The homeowners' association, unlike the owner of a single family residence, cannot put off taking care of the common elements. If the sidewalks need repair, then upon a vote of the association's members in accordance with the by-laws, the sidewalks must be repaired and the cost of that repair must be paid for by the homeowners. The homeowners' association cannot avoid making the repair, and the owners cannot avoid paying for it. That other kinds of tasks associated with taking care of the common elements are more routine and do not require a special assessment does not make them any different in kind, either as to the obligation to perform the caretaking tasks, or the obligation to pay for them. For so long as the debtor is an owner, she must shoulder the responsibilities of ownership. In the case of a condominium, that responsibility takes the form of monthly assessments. In the case of a single family residence, it takes the form of personally arranging for and paying for the upkeep and repairs that ownership occasions.

The owner has little to complain of either. True, if the owner had purchased a single family residence, the owner would have the option of foregoing certain ongoing costs of ownership (so long as the owner was willing or able to put up with the consequences). But the owner of a single family residence also has to make her own arrangements for keeping the pool clean, or keeping the landscaping attractive. One of the benefits that the owner of a condominium purchased was the delegation of these tasks to someone else albeit for an unavoidable and ongoing price (the monthly assessments). That the owner finds it difficult to pay for assessments in a condominium project raises no greater equitable concerns than that the owner of a single family residence finds it impossible to pay for a new roof or a new central air conditioning unit. Both circumstances have consequences for the debtor from which consequences it is not necessarily the job of the bankruptcy judge to spare the debtor.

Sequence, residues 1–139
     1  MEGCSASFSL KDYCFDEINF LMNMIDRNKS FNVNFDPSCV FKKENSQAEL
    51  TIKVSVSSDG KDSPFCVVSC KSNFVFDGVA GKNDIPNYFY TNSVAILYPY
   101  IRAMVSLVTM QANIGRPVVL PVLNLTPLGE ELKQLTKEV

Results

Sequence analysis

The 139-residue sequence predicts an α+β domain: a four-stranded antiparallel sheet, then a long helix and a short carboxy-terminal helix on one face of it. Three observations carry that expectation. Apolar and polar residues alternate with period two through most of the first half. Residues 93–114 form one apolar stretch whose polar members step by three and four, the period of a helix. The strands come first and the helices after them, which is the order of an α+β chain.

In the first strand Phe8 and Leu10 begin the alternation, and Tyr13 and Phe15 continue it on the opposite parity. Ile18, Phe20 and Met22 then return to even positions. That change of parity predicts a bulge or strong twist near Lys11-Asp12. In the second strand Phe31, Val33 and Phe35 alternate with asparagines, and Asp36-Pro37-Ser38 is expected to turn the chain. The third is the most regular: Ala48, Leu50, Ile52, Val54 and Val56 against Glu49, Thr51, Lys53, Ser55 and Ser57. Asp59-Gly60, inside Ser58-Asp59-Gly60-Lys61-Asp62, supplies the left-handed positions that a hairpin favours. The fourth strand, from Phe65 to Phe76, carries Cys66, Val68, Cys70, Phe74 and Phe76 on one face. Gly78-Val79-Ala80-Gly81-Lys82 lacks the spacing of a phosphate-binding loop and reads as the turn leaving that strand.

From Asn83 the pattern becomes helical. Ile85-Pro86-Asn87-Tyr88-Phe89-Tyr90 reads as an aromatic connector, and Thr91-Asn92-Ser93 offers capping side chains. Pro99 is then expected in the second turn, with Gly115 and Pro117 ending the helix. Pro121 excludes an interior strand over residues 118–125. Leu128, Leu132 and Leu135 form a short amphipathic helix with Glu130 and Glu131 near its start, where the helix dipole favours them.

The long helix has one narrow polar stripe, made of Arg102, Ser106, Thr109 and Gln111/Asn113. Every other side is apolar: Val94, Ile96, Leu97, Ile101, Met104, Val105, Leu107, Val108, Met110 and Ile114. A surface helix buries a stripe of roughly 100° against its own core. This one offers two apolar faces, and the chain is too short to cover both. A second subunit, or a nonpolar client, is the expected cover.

Nor does it matter whether the owner is in actual possession and use of the condominium. Just as the owner of a single family residence who chooses to lease out the residence is still ultimately responsible for the property (subject, of course, to whatever derivative liability may be passed on to the tenant), so also is the owner of a condominium ultimately liable for the care and upkeep of the condominium, even if the unit has been leased out. In the case of the condominium, the common elements must be cared for and maintained whether or not any particular owner is on the premises to enjoy them. Each owner owns the common elements whether the owner actually uses them or not, and so cannot evade the responsibilities associated with ownership simply because she chooses not to avail herself of them.

Perhaps it is the failure to appreciate the true nature of this "liability" that has led so many courts down the rabbit trails traced out in the case law. Bankruptcy courts that have latched on to the "executory contract" analysis focus on that portion of the condominium regime that authorizes homeowners' associations to make assessments in exchange for maintaining the common areas, ignoring the larger context that requires this particular feature in the Declaration. The same mistake seems to have been made by courts focusing on the "prepetition contract" feature of the Declaration. States that have enacted specific laws regarding condominiums have, by contrast, appreciated the larger context because the task before them was to devise a sensible and workable law for creating an estate in land. Once the nature and derivation of the claim is appreciated (by attending first to the true source of the claim), many of the bankruptcy issues resolve themselves, not only as a matter of law, but as a matter of common sense.